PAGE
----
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Sticking to tradition: The power of Cherokee traditional leadership theory in the classroom

I teach in rural western North Carolina at a small high school where approximately 30 percent of our students are Native American. I am the only full-time, tribally enrolled member of the faculty at our school.

Our county is a The Leader In Me school system, grounded in the tenants of Covey’s Seven Habits of Highly Effective Teens. To say that we embrace student leadership development is a gross understatement. This philosophy has transformed our school culture and markedly empowered our students over the past several years.

However, when I returned to the classroom after a brief hiatus, the last thing I wanted to do was pass around the talking stick that was offered to me at my first Seven Habits training. Talking sticks, like dream catchers and peace pipes, fall somewhere in the realm of cultural appropriation (or rather misappropriation) and stereotypical, romanticized bunk. To label any practice as “Native American” should be the first indication that it probably is not. To call a practice Cherokee, or Lakota, or Cheyenne indicates a path toward authenticity—specificity. I have never met a tribal person from any tribe who has used a talking stick—unless, perhaps, he or she was part of a Covey training.

So, early into my first Covey training experience, my colleagues quickly gauged my reaction, and in good fun, made sure I always had a talking stick close at hand. This also might be a good time to mention that a sense of humor is one of the seven core values of Cherokee culture. The formalization and reiteration of these values is essential to the guidance of the Cherokee Preservation Foundation’s work.

The hiatus from teaching I spoke of earlier was to serve as the Executive Director of the Cherokee Preservation Foundation. One of the flagship funding areas for the Foundation is Cherokee Cultural Leadership. In our culture, traditional leadership style values consensus building, not unlike Covey’s habit of Synergize. However, it is vastly different than the western model of representative, hierarchical governance.  

An example of this that the Foundation often shares involves the Cherokee Youth Council. This group of pre-teens and teens were selecting the color of the shirts they wanted to order for the year. The girls in the group were vocal in their preference for pink, but the boys were far less enthusiastic about the color choice. After the shirts were ordered, one of the boys complained that he was not happy about having to wear a pink shirt. When asked if he objected to the decision, he responded that he felt he would have just been overruled.

This is when an adult mentor explained, “All you had to do was say no. You didn’t have to argue your case or convince anyone. One voice of non-consent would have halted the order.”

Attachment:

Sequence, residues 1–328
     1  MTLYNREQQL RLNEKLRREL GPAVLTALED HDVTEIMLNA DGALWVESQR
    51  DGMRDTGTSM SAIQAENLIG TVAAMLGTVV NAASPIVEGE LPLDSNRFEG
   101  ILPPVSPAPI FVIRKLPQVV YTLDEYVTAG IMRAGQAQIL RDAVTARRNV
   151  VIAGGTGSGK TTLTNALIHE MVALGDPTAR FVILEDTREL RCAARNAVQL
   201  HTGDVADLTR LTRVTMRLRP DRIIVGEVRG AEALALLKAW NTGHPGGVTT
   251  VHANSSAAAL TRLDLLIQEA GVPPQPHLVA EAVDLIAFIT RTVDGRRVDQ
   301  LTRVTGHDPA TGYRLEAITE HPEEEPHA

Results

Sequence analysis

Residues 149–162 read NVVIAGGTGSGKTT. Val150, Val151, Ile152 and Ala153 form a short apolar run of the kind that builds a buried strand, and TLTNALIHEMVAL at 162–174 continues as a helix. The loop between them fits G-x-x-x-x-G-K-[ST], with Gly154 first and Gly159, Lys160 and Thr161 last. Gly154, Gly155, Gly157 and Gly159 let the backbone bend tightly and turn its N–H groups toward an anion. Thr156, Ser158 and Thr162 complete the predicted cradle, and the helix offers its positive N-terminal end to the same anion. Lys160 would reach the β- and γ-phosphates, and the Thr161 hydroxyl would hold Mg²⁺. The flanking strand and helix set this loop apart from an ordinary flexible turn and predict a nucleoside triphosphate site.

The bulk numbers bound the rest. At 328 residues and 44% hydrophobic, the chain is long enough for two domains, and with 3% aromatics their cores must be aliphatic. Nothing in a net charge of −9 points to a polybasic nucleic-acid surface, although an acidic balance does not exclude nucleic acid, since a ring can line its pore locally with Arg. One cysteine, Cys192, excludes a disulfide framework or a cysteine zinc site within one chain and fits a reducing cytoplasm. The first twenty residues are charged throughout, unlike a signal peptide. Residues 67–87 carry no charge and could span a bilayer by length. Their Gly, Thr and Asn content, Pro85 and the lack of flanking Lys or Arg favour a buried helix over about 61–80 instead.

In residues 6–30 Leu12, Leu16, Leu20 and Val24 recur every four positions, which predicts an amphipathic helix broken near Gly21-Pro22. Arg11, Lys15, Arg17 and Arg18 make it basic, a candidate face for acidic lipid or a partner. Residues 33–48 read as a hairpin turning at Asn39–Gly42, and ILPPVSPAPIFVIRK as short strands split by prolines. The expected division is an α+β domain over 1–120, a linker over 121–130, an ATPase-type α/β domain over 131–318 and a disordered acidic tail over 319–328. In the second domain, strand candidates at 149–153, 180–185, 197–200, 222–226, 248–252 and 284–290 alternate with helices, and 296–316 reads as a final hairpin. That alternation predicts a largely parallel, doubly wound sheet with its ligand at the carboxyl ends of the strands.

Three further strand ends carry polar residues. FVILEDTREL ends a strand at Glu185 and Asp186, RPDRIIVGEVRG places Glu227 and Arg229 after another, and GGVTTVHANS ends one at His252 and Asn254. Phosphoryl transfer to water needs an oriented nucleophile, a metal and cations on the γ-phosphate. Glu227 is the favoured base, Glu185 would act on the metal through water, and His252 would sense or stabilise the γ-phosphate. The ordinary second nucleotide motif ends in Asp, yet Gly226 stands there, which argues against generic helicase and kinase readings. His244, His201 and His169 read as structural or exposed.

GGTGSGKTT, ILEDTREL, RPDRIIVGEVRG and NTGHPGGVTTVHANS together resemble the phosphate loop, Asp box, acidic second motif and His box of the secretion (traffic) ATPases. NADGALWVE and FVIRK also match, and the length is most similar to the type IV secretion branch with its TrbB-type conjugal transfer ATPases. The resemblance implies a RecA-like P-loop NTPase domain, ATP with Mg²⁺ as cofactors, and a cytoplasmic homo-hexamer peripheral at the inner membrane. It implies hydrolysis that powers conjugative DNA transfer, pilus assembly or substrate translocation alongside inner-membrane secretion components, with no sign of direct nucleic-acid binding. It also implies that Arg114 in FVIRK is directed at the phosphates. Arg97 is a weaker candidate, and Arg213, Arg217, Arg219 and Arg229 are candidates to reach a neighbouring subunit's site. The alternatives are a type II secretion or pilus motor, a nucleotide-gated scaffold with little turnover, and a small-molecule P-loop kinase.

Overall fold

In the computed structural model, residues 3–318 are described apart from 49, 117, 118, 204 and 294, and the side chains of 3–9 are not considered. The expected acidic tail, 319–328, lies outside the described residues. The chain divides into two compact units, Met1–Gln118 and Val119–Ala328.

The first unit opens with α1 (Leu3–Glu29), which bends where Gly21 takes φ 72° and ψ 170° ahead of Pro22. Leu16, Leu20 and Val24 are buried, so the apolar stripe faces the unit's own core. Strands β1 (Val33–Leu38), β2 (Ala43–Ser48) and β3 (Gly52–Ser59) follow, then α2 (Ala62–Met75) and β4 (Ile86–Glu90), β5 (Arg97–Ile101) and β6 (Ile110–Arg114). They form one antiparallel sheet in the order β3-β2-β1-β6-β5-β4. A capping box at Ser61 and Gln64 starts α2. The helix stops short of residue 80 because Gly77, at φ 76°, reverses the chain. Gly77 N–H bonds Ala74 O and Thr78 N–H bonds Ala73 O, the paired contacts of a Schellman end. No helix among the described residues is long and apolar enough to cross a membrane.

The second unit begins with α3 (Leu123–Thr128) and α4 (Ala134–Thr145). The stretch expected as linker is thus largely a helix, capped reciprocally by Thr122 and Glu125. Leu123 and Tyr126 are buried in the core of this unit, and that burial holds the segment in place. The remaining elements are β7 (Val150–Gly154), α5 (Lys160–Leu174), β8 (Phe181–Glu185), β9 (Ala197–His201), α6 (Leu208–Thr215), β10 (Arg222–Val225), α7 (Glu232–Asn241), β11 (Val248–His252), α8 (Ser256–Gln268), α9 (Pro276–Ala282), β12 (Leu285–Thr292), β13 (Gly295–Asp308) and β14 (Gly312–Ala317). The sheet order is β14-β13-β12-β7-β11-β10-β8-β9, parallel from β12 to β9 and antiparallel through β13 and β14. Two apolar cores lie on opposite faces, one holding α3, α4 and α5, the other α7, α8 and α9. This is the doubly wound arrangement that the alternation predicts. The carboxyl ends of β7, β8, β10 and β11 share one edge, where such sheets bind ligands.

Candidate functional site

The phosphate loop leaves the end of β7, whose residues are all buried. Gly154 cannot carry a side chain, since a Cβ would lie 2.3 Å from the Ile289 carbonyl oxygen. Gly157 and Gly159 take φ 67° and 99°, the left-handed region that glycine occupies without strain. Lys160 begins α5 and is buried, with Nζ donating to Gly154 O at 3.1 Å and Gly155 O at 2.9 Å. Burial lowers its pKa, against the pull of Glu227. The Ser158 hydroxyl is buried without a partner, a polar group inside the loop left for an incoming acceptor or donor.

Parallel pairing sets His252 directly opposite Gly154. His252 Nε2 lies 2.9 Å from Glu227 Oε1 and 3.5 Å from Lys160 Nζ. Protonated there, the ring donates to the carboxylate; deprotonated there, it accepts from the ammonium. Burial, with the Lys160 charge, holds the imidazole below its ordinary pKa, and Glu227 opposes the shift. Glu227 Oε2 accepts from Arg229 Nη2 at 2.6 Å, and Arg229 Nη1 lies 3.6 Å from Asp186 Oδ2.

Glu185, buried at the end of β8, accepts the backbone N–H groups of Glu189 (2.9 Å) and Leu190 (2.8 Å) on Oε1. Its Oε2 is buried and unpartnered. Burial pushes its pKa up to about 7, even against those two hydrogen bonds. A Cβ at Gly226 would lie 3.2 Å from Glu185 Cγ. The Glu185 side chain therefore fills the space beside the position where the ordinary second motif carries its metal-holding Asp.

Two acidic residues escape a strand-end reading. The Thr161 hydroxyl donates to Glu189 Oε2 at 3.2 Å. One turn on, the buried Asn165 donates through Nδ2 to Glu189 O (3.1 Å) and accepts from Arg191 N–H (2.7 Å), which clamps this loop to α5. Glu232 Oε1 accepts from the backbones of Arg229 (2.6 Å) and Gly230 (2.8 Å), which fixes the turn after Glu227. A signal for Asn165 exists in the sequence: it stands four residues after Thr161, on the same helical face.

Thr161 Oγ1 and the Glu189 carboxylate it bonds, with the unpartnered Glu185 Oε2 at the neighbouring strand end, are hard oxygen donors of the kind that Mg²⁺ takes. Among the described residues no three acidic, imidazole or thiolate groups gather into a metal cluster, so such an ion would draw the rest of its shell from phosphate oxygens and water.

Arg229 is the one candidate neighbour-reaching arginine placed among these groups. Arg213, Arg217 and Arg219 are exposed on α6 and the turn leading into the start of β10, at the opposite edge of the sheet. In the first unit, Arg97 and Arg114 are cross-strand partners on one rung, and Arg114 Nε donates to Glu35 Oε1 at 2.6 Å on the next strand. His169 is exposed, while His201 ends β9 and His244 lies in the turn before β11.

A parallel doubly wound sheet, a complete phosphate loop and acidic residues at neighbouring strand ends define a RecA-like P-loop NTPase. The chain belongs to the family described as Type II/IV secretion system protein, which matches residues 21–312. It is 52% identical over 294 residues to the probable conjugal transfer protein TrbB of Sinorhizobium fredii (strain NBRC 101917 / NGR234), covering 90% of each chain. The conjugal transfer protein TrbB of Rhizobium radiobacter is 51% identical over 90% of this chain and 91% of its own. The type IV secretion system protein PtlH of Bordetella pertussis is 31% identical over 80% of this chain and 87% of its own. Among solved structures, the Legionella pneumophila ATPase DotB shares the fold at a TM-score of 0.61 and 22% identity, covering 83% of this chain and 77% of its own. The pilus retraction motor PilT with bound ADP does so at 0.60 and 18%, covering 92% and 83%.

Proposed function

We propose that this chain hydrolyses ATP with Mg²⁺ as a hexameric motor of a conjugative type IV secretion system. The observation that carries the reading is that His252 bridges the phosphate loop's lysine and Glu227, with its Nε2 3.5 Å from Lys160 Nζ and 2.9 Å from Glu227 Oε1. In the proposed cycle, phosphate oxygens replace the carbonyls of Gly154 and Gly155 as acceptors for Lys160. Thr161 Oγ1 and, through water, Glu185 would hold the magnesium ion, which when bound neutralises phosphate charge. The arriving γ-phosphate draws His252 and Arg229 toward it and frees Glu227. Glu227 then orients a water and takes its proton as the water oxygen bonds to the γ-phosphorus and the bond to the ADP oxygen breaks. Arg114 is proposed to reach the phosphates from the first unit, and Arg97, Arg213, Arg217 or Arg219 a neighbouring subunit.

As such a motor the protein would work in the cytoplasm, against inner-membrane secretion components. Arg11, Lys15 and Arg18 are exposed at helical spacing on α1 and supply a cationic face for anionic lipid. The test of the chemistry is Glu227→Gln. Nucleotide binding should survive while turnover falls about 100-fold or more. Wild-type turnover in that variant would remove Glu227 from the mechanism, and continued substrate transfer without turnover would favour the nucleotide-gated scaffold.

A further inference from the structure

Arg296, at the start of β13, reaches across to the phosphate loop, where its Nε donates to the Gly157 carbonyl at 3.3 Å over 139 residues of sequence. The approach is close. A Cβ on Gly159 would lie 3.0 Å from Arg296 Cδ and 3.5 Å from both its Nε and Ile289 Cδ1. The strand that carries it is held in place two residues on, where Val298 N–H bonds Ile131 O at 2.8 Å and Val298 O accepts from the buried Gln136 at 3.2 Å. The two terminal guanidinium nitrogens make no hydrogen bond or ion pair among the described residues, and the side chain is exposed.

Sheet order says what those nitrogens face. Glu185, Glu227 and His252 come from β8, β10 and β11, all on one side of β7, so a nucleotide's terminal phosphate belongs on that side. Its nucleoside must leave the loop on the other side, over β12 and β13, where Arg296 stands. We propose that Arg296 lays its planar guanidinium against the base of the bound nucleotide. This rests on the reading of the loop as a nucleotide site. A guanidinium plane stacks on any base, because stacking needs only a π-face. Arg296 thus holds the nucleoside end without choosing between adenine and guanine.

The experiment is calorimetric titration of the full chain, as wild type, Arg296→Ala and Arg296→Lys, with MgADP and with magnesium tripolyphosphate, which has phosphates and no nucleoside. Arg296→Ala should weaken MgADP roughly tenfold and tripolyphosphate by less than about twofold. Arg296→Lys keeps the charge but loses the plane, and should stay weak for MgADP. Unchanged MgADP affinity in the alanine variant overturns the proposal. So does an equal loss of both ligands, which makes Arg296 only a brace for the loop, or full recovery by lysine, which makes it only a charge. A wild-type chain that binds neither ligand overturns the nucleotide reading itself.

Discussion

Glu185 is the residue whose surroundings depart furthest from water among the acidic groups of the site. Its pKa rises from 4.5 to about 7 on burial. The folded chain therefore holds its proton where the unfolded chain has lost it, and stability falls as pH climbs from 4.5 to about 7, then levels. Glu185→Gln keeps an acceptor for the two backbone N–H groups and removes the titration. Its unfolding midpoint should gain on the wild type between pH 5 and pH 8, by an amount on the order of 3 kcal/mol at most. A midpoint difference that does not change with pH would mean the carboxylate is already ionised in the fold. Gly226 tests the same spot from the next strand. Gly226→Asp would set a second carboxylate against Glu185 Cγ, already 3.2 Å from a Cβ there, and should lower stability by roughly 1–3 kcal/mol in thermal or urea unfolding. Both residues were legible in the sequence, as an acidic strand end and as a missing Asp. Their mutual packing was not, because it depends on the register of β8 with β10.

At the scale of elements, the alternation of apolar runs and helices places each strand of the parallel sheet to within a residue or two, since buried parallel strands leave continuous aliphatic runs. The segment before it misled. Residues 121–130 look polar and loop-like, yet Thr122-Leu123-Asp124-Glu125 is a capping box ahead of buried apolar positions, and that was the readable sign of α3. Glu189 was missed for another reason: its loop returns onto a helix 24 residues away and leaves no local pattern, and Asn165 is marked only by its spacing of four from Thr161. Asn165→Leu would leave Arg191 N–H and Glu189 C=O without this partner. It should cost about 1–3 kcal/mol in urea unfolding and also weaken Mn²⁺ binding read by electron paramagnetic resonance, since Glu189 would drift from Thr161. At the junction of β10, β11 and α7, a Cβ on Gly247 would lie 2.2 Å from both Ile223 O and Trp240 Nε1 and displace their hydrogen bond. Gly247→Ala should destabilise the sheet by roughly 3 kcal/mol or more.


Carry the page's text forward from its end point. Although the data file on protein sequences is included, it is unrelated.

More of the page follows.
Consensus leadership insures that no matter how underrepresented the voice, no matter how quiet the speaker, the opinion carries equal weight with all other voices within a group.

Those unfamiliar with the concept often worry that this would inevitably stall decision-making. In practice, it is quite the contrary. When effectively executed, consensus leadership ensures that the polarization stalling our modern American government is no longer a petri dish cultivating the division that has infected society.

For the same reason that I appreciate my colleagues teasing me about talking sticks, I appreciate how consensus leadership promotes inclusivity, not an awkward half-hearted attempt at political correctness. The rules are hard and fast. It is the ultimate in speaking truth to power because everyone is in power. When I consider my students, native and non-native, I do not want to assume that they will always have access to a talking stick or the real-world equivalent of such. They already possess the power of voice within. We just need to make room for it, value it, and demand its influence over the whole educational process—even if this voice is singular.

What does this look like in practice? It is nothing too different than what strong teachers have been doing for years. It is the acceptance that there are no wholly “right” answers because strong questions disallow for a singular, universal truth.

As educators, we have a responsibility to amplify the voices tempered by a majority perspective so that those in majority can re-vision the potential for emboldened answers only made possible by a myriad of vantage points.

Annette Saunooke Clapsaddle
Annette Saunooke Clapsaddle is an enrolled member of the Eastern Band of Cherokee Indians and lives in Qualla, North Carolina with her husband and two sons. She teaches English and Cherokee Studies at Swain County High School.